First light for laser gunship

Boeing has begun flight-testing for the Advanced Tactical Laser Advanced Concept Technology Demonstration program and has generated “first light” of ATL’s high-energy chemical laser in ground tests.


Boeing has begun flight-testing for the Advanced Tactical Laser (ATL) Advanced Concept Technology Demonstration (ACTD) program and has generated “first light” of ATL’s high-energy chemical laser in ground tests, achieving two milestones in the development of the laser gunship.



During the “low-power” flight tests, which began on October 10 and conclude this autumn, the ATL ACTD system will find and track ground targets at White Sands Missile Range, New Mexico. A low-power, solid-state laser will serve as a surrogate for ATL’s high-power chemical laser.



To prepare for the tests, the ATL aircraft, a C-130H from the US Air Force 46th Test Wing, was outfitted with flight demonstration hardware at Crestview Aerospace Corporation in Crestview, Florida. The hardware includes the beam director and optical control bench, which will direct the laser beam to its target; weapon system consoles, which will display high-resolution imagery and enable the tracking of targets; and sensors.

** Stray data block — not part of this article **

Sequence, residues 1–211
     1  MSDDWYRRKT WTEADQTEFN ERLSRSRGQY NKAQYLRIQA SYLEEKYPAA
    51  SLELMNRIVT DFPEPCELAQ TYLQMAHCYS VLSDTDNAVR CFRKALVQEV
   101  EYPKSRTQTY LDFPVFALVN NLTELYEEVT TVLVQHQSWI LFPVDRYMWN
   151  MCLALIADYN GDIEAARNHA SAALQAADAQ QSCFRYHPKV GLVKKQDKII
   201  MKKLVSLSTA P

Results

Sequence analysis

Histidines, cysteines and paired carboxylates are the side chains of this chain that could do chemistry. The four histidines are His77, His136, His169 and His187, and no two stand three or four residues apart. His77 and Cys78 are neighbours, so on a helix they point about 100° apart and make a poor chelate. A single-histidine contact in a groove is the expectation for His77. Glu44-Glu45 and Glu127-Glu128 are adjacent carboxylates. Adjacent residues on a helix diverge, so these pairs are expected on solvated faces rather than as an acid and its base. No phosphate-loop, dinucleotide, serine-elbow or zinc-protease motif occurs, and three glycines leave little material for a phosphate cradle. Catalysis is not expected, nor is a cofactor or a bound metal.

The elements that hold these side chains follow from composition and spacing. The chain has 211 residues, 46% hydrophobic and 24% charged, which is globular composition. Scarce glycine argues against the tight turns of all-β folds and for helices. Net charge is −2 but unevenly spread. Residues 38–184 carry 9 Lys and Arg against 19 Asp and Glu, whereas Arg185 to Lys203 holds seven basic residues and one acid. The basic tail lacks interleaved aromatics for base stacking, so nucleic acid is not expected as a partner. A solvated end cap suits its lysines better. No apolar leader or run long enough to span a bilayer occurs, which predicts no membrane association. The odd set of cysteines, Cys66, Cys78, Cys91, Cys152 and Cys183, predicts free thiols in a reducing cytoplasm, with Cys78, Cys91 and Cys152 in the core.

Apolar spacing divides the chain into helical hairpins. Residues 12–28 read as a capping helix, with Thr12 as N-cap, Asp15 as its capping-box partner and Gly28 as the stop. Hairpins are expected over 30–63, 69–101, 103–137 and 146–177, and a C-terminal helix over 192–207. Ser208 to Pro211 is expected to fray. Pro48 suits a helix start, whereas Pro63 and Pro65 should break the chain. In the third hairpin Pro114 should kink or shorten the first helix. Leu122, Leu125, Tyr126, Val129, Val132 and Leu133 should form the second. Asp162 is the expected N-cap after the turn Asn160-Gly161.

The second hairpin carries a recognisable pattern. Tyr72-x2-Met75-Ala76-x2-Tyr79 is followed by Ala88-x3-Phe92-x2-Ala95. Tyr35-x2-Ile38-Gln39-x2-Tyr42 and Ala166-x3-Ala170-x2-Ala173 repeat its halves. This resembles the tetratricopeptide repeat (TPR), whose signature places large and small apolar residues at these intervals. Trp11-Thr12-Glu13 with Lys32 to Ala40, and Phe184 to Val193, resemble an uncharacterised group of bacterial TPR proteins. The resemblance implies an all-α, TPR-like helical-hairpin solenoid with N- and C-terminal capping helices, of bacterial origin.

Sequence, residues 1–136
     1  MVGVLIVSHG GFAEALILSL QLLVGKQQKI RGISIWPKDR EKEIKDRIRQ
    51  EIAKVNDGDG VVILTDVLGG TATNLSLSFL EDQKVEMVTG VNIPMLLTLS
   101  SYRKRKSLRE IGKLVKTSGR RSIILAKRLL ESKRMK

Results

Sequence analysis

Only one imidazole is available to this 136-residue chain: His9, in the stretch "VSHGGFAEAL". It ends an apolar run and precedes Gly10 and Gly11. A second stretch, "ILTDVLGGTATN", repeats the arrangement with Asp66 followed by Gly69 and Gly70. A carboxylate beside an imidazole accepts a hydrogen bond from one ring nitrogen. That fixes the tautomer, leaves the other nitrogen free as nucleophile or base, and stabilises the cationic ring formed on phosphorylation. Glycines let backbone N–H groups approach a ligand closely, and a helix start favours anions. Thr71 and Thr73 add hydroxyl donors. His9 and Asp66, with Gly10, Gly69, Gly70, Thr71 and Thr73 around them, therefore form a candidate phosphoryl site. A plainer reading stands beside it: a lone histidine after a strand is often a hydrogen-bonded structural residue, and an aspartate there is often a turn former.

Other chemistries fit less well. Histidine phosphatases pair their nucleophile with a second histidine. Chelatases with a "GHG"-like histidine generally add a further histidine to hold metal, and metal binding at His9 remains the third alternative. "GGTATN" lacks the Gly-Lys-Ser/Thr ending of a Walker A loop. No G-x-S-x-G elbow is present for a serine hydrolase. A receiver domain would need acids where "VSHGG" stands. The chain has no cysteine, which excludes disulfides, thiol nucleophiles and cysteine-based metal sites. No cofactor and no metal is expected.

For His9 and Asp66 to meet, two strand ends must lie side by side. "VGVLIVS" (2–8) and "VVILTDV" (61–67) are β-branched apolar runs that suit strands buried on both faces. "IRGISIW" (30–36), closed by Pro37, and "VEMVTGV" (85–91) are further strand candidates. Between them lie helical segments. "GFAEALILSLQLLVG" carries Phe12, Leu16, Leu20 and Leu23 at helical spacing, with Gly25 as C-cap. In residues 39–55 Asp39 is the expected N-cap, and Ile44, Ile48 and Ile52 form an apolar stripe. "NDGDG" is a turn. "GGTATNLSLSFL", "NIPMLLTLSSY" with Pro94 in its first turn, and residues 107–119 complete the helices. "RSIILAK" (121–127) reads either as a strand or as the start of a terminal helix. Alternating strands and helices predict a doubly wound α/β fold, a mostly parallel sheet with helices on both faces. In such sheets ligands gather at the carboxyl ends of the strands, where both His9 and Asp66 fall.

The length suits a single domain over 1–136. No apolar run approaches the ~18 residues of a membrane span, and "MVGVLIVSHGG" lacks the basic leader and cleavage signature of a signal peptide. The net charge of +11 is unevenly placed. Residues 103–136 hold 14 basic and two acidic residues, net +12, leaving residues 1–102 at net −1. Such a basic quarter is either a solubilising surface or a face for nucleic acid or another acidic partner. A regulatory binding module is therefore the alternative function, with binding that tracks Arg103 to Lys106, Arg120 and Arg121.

Boeing fired the high-energy chemical laser for the first time in ground tests on September 21 in Albuquerque, New Mexico, an achievement known as “first light”. Ground tests of the laser will conclude this autumn. By 2007, Boeing will install the device on the aircraft and fire it in-flight at mission-representative ground targets to demonstrate the military utility of high energy-lasers. The test team will fire the laser through a rotating turret that extends through an existing 50-inch-diameter hole in the aircraft’s belly.



‘ATL will transform the battlefield by giving the warfighter a speed-of-light, precision engagement capability that will reduce collateral damage dramatically,’ said Pat Shanahan, vice president and general manager of Boeing Missile Defense Systems. ‘The start of flight and laser testing shows that Boeing is making solid progress toward making this revolutionary capability a reality.’



Boeing is developing ATL for the US Department of Defense through an ACTD program.



Boeing claims the ATL will destroy, damage or disable targets with little to no collateral damage, supporting missions on the battlefield and in urban operations. ATL will produce scaleable effects, meaning the weapon operator will be able to select the degree and nature of the damage done to a target by choosing a specific aimpoint and laser shot duration. For example, targeting the fuel tank of a vehicle could result in total destruction of the vehicle, while targeting a tire might result in the vehicle stopping without injury to the driver.